How to play Guitar – Beginner’s Guide
No matter your current age or occupation, learning to play a new instrument is always rewarding. The guitar is a very popular instrument, and while many have a desire to learn, often they give up because the learning gets too demanding for them.
Don’t let this discourage you; I will give you a simple guide which you can overcome very quickly and grow from it. You will learn EVERYTHING a beginner needs to know WITHOUT paying for a guitar instructor or beginner guitar classes. All you need is a desire to learn and the determination to become a guitarist.
Buying your first guitar
- 1 Buying your first guitar
- 2 First things first
- 3 Basic Strumming
- 4 Chord Shapes
- 5 Smooth chord transitioning
- 6 Playing your first song
- 7 In conclusion
Before we get started with basic lessons, first you NEED to get yourself a guitar. While browsing guitars, you can choose whichever you want based on your personal preference. But, there are some important factors you need to consider.
Pay attention to:
Where to get it
Since you’re new to all of this, avoid the flea market, yard sales, and pawn shops. Used guitars should be purchased by people who have PLENTY of experience with guitars. Beginners are easily tricked; you might end up buying an overpriced guitar that has a lot of wear and tear.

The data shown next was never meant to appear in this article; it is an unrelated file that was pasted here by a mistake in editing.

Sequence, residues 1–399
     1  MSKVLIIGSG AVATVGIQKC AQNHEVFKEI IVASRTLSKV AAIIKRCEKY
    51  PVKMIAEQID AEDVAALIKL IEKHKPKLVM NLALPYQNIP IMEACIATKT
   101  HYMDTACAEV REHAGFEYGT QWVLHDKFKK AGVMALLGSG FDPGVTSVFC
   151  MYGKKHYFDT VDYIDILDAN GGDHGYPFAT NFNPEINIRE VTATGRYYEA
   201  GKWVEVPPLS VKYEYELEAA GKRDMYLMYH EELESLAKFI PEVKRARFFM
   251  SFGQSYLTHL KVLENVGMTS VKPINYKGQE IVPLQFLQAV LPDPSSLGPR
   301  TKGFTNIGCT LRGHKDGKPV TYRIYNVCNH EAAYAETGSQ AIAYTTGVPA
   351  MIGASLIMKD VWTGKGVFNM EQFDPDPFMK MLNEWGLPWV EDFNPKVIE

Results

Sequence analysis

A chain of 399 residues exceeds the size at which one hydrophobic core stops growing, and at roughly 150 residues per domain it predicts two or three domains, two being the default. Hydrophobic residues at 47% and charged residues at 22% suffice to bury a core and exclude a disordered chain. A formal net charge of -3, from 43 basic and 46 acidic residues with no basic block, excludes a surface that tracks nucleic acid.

Your safest bet is to go to the nearest music shop and get yourself a brand new instrument. You can even buy it online, but use only the trusted sources and be sure that the shop has a good return policy.
How much will it cost
The price tags of guitars can vary a lot. The prices go as high as $1000 and beyond, but most agree that a good quality guitar is between $300 and $500.
This sounds a bit much for a start, doesn’t it? Don’t worry; there are plenty of good quality guitars for just a couple hundred of bucks.
There are plenty of package options as well, these are good beginner options since they include everything you need to get you started, and they are often offered at a discount too.
Three types of guitar
It’s up to you to decide which type of guitar you want to play. You can choose from classical, electric and acoustic. My advice to everyone who is just starting is to learn how to play the acoustic guitar first. Classical guitar has a wide neck which can be pretty hard for newcomers.
Especially for the younger players, since they have smaller hands. Electric guitars are not that hard to learn, but they require a lot of additional equipment, amplifier at least, which raises the cost significantly.
Acoustic guitars are affordable and don’t require additional equipment, which makes them the best choice for beginners.
Checking the guitar’s condition
If you have a really limited budget, and you want to get a used guitar, you should know at least few pointers how to inspect it properly. I wouldn’t recommend at all that you go on a search for a guitar that has some mileage on it, but if you have to, at least I can help you a bit.